TROIS-RIVIÈRES – A major finding to launch the second edition of the Assises québécoises du transport maritime: despite the crisis caused by the Covid 19 pandemic, the industry as a whole has experienced significant growth in its activities over the past decade and shows promise for the future.
According to the first State of Maritime Transport, developed by the applied research centre Innovation maritime, the tonnages handled in Quebec’s main ports have grown between 16 and 40% between 2010 and 2021. While the pandemic has taken a toll on the results of several economic sectors, these figures show that the maritime industry has been able to weather the storm.
“The figures speak for themselves: Quebec is doing admirably well and is following the upward trend in maritime traffic observed worldwide. The pandemic has allowed our industry to confirm its role as a strong link in the North American logistics chain,” said Mathieu St-Pierre, President and CEO of the St. Lawrence Economic Development Council (SODES).
Another finding of Innovation maritime: bulk carriers carrying solid materials had a second consecutive record year in 2021 with 4,197 movements. The transport of ore alone represents more than 70,000 tonnes annually, essentially for export markets. As for vessels transporting liquid bulk, their activity has also increased compared to last year, which is good news, given the significant drop experienced at the height of the crisis.
In addition to these convincing results, the survey conducted by the research centre’s experts illustrates the vital nature of the industry for certain regions of Quebec. This is the case of the Lower North Shore, where the eight ports proved to be indispensable to local communities during the pandemic. More than 56,000 tonnes of essential products – gasoline, general cargo, machinery, food, etc. – were handled there in 2020.
At the Port of Gaspé, more than 84,315 tonnes of general cargo – diesel, salt, sand, etc – were handled in 2018. This performance has the effect of stimulating the growth prospects of the regional economy, notably to support the development of projects aimed at manufacturing large blades for the wind industry.
While the Quebec maritime industry is working on the decarbonisation of its activities, the study highlights the fact that the transport of goods by boat presents the best performance in terms of distance and greenhouse gas emissions per litre of fuel. The researchers conclude that a cargo ship can travel 243 kilometres on a single litre of fuel oil and produce only 11.9 grams of GHGs per tonne of cargo. This is much better than rail (213 km – 14.2 g GHG/tonne) and road transport (35 km – 75.5 g GHG/tonne).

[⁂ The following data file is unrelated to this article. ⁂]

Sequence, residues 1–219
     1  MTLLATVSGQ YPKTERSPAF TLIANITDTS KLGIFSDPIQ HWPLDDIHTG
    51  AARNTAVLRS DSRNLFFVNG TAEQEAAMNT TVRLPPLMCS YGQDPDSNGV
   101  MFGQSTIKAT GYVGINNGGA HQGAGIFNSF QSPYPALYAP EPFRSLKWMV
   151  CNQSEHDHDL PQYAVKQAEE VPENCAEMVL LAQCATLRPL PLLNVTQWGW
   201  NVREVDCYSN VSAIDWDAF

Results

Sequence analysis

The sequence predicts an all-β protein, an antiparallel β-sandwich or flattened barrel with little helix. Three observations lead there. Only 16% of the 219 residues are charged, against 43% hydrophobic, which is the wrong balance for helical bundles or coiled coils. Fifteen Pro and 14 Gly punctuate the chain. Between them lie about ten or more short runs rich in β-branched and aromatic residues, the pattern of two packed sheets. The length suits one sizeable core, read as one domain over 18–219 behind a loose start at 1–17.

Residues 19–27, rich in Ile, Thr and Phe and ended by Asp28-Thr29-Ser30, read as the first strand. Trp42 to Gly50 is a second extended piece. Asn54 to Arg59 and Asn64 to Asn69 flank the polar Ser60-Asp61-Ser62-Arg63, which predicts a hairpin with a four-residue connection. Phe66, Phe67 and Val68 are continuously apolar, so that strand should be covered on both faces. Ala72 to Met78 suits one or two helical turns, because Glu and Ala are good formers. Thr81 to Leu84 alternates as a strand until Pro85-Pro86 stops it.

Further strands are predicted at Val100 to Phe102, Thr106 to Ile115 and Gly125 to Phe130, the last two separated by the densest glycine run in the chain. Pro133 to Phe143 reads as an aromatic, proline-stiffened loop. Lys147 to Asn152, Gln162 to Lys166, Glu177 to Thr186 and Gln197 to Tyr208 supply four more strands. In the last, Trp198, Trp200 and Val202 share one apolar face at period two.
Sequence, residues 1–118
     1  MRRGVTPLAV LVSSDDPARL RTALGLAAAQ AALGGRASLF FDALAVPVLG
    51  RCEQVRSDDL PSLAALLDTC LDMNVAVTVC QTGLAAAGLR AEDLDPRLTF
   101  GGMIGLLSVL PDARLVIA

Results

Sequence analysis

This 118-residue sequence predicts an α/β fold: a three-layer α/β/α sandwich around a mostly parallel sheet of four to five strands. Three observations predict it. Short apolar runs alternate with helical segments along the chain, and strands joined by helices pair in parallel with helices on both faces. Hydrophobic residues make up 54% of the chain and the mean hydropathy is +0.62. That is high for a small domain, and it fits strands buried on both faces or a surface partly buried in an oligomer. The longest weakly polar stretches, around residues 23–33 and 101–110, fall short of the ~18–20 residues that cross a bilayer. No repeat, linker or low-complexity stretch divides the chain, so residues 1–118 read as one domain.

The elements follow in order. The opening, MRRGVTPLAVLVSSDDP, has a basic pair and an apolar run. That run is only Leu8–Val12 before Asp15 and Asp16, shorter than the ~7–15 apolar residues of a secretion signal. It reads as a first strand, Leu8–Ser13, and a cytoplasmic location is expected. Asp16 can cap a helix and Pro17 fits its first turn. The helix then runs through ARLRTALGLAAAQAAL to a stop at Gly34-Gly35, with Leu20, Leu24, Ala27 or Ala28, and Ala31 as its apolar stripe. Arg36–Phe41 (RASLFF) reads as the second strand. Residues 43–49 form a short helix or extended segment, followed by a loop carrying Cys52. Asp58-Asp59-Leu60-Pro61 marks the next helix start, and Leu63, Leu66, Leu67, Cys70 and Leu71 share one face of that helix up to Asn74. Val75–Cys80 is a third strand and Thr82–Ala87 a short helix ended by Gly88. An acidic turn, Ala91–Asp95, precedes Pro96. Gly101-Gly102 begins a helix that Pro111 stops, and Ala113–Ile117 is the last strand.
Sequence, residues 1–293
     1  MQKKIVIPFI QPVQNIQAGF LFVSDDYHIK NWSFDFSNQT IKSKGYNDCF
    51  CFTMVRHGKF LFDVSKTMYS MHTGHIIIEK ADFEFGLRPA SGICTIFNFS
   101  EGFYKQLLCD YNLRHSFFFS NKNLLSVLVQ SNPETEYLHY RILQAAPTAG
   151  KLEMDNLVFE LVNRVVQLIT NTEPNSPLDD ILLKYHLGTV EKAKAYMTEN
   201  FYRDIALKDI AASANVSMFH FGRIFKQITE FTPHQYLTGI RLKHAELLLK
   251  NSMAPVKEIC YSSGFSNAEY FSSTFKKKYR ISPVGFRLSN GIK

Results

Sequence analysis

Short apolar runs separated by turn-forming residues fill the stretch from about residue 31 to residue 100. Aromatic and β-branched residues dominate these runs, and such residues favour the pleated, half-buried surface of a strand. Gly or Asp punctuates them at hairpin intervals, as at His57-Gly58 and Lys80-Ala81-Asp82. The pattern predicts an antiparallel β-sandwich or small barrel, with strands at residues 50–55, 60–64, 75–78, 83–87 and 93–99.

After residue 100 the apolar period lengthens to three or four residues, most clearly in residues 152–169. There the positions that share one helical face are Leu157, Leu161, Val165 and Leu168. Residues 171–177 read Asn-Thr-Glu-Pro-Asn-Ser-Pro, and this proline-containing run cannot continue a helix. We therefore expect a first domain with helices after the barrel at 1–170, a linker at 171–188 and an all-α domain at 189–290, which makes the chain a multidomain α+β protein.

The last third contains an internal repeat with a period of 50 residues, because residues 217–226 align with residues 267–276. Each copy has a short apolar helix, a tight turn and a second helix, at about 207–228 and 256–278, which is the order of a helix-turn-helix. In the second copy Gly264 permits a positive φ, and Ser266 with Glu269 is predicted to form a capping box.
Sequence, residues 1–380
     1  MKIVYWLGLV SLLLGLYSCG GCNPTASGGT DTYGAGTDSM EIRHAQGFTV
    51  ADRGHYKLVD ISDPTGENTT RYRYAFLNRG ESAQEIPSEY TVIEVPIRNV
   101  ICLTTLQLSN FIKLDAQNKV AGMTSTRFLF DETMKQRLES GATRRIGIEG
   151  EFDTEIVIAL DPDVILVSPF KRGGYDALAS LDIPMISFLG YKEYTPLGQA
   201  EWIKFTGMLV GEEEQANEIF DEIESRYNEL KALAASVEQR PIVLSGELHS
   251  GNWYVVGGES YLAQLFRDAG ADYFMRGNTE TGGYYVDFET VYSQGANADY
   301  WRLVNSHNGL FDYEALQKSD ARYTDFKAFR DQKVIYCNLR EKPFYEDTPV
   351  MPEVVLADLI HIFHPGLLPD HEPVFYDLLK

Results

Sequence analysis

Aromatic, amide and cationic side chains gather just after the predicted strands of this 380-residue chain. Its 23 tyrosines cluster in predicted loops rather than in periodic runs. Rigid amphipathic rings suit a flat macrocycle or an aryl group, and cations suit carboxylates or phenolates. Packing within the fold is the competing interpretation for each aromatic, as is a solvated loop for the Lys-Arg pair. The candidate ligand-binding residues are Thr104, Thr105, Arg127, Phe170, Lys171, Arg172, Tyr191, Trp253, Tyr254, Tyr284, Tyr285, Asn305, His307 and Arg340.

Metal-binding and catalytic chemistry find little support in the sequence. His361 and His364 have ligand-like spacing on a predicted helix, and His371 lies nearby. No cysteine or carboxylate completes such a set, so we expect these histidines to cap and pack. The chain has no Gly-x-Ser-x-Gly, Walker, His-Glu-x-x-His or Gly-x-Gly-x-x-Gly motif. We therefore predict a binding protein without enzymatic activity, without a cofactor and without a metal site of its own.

However, the maritime industry is facing major challenges, as shown by the Innovation maritime study, particularly in terms of manpower, with 4,000 positions to be filled in the short term for both sea and land-based personnel.
An industry that is appreciated but little known by the public
Furthermore, in its survey aimed at evaluating the general perception of the Quebec maritime industry and its importance for the economy, the Léger firm concludes that the industry is well perceived by about half of Quebecers (51%). However, four out of ten Quebecers do not know enough about it to have an opinion on the subject.
“We are pleased to see that three quarters of respondents consider the industry and its activities to be important to the Quebec economy. But, clearly, our industry must redouble its efforts to make itself known and attract the new workers it needs to continue its progression,” concluded the CEO of SODES.
About Innovation maritime
Created in 2001, Innovation maritime is an applied research centre working in the fields of maritime engineering, transport and navigation, maritime safety and security, environmental technologies and professional diving. Attached to the Institut maritime du Québec, Innovation maritime is a member of the Synchronex network, which brings together college technology transfer centres in Quebec. Innovation maritime has completed more than 350 projects since its creation.
The St. Lawrence Development Council is a non-profit organization whose mission is to protect and promote the economic interests of the St. Lawrence River region. It represents the maritime community, which includes private and public interests whose activities have a direct and indirect impact on the river’s economy, and this in all regions of Quebec. SODES is the privileged interlocutor of governments as regards the development and economic activity of the St. Lawrence, including the transport of cargo and passengers, regional development or the environment.
Photo: Port Trois-Rivières